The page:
How geometry created modern physics

7:20pm, 24 Feb 2023

At the Royal Institution's Friday Evening Discourse, Prof. Yang-Hui He recounts the creation of modern physics at the hands of geometry.

Geometry is so much more than measurements of shapes. It is the heart of physics and mathematics. Inscribed above the door of Plato’s Academy in Athens was “Let no one ignorant of geometry enter!”

In this renowned Friday Evening Discourse, Prof. Yang-Hui He takes us through time and space, from geometry’s classical beginnings to the Renaissance and the Enlightenment, to our current understanding of spacetime itself. In the 19th century Gauss and Riemann considered the relaxation of Euclid’s axioms, resulting in the explosion of post-Euclidean geometry, paving the way for Einstein’s theory of relativity and the birth of modern physics. Singularity solutions of spacetime geometry gives us the discovery of black holes. String theory, attempting to unify quantum mechanics with relativity, delivers a brave new world of quantum geometry. Anyone at risk of ignorance can rest assured, they will soon be fit to enter through Plato’s doors.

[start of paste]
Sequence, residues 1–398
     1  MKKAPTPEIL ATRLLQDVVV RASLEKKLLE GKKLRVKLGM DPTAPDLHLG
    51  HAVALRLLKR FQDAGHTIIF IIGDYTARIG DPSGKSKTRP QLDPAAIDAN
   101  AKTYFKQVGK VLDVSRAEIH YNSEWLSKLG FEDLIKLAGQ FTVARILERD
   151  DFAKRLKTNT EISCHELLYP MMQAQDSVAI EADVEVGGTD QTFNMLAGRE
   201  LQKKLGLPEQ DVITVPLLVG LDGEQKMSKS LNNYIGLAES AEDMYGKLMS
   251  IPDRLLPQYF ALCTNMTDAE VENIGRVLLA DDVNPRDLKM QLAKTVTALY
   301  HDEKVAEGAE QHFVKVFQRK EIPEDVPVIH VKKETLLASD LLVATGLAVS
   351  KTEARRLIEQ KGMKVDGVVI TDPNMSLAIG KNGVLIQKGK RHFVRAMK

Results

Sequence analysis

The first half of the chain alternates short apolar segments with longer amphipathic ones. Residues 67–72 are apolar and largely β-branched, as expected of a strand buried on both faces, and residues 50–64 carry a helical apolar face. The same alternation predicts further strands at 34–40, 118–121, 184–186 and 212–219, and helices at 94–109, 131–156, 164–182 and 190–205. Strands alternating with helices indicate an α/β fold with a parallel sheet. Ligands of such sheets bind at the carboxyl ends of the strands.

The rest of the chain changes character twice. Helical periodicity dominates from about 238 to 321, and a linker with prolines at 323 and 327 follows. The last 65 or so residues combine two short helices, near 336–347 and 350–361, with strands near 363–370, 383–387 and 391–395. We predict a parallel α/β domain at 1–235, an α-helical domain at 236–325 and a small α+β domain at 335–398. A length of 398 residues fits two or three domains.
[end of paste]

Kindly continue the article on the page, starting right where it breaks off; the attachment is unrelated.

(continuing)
This event takes place in the lecture theatre at the Royal Institution. London Institute guests are invited to join the speaker after for drinks and canapés in our private rooms.

How geometry created modern physics
How geometry created modern physics
How geometry created modern physics
How geometry created modern physics
How geometry created modern physics
How geometry created modern physics
How geometry created modern physics
How geometry created modern physics
How geometry created modern physics
How geometry created modern physics
How geometry created modern physics
How geometry created modern physics
How geometry created modern physics
How geometry created modern physics
How geometry created modern physics
How geometry created modern physics

Speakers

Yang-Hui He

Prof Yang-Hui He is a Fellow at the London Institute, Professor at City University, Chang-Jiang Chair at NanKai University and Lecturer at Merton College, Oxford. He studied at Princeton, Cambridge and MIT and works at the interface of string theory, geometry and machine learning.